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Simon Newcomb Facts

Simon Newcomb

Facts about Simon Newcomb

Simon Newcomb was a man of little formal education but a natural ability to understand mathematics that enable him to teach himself about astronomy and higher mathematics.

He also made contributions to timekeeping as well as economics, statistics and applied mathematics.

He held some of the most prestigious positions in several of the biggest schools in American history namely Harvard University and Johns Hopkins University. His daughter, Josepha, married Assistant U.S. Attorney General Edward Baldwin Whitney and their son would become a mathematician, Hassler Whitney.

Simon Newcomb Fact Sheet: Who was Simon Newcomb? The following short biography and fact sheet provides interesting facts about the life, times and history of Simon Newcomb.

Simon Newcomb Fact File: Lifespan: 1835 – 1909 *** Full Name: Simon Newcomb *** Occupation: Canadian-American Astronomer, Autodidactic Polymath and Applied Mathematician *** Date of Birth: Simon Newcomb was born on March 12th 1835 *** Place of Birth: Simon Newcomb was born in Wallace, Nova Scotia, Canada *** Family background: His father was John Burton Newcomb an itinerant school teacher and his mother was Emily Prince a New Brunswick magistrate’s daughter *** Early life and childhood: He grew up in Nova Scotia with his family *** Education: Simon Newcomb was largely educated by his father ***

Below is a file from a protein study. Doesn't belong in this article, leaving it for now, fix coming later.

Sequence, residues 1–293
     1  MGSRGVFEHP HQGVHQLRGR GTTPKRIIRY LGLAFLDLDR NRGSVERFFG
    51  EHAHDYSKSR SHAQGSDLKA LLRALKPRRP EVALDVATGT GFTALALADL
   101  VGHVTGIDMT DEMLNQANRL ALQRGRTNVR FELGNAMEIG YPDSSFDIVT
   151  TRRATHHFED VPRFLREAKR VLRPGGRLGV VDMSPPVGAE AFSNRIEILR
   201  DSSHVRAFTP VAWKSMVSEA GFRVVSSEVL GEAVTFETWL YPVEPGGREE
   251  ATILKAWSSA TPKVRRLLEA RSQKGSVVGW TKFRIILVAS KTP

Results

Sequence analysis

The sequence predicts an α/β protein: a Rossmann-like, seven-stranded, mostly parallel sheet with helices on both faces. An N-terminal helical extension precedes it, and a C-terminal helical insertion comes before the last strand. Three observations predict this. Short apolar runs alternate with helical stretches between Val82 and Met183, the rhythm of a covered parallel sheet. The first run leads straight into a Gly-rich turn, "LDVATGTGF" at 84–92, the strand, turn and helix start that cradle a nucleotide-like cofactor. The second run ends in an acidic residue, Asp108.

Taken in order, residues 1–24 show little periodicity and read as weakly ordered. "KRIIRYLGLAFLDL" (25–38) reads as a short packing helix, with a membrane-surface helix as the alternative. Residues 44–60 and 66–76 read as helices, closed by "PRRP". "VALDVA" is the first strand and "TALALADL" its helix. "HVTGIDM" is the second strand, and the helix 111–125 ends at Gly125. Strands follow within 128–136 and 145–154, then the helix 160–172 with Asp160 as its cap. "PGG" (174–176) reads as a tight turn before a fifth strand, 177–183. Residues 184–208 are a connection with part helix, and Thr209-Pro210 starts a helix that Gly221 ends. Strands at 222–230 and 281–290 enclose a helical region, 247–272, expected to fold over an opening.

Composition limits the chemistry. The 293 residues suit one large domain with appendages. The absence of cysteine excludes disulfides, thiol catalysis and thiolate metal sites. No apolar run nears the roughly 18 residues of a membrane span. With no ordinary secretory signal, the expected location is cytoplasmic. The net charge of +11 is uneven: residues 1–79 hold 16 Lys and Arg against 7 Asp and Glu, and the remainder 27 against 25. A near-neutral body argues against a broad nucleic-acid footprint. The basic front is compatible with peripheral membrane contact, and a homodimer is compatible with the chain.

Simon Newcomb Fact 1: Simon Newcomb was born on March 12th 1835 and during the 19th century period in history when scientific discoveries were being made and innovations in mathematics, physics, biology, electricity and chemistry were moving very fast.

Simon Newcomb Fact 2: At sixteen it was arranged that he apprentice with a Dr Foshay, for five years learning the art of treating illnesses using herbs. It would transpire, after two years, Newcomb came to the conclusion that Foshay was nothing more than a fraud and he left.

Simon Newcomb Fact 3: He found passage aboard a ship from Calais in Main that would take him to Salem in Massachusetts where his father had moved. Once he was with his father, the pair travelled to Maryland.

Simon Newcomb Fact 4: Following in his father’s footsteps, he secured a job teaching. The first year was spent in Massey’s Cross Roads, a country school and the following year in Sudlersville in Queen Anne’s County.

Simon Newcomb Fact 5: During his time off he enjoyed studying various other topics like religion and political economy but his real passion was for astronomy and mathematics. One of his favorite books was Newton’s Principia.

Simon Newcomb Fact 6: By 1856 he had secured another position, this time as a private tutor near Washington which gave him access to the various libraries in the area.

Simon Newcomb Fact 7: Although he worked as a teacher to support himself, he was also studying of physics and mathematics. In 1857 he began attending the Lawrence Scientific School of Harvard University and he graduated with a Bachelor of Science the following year.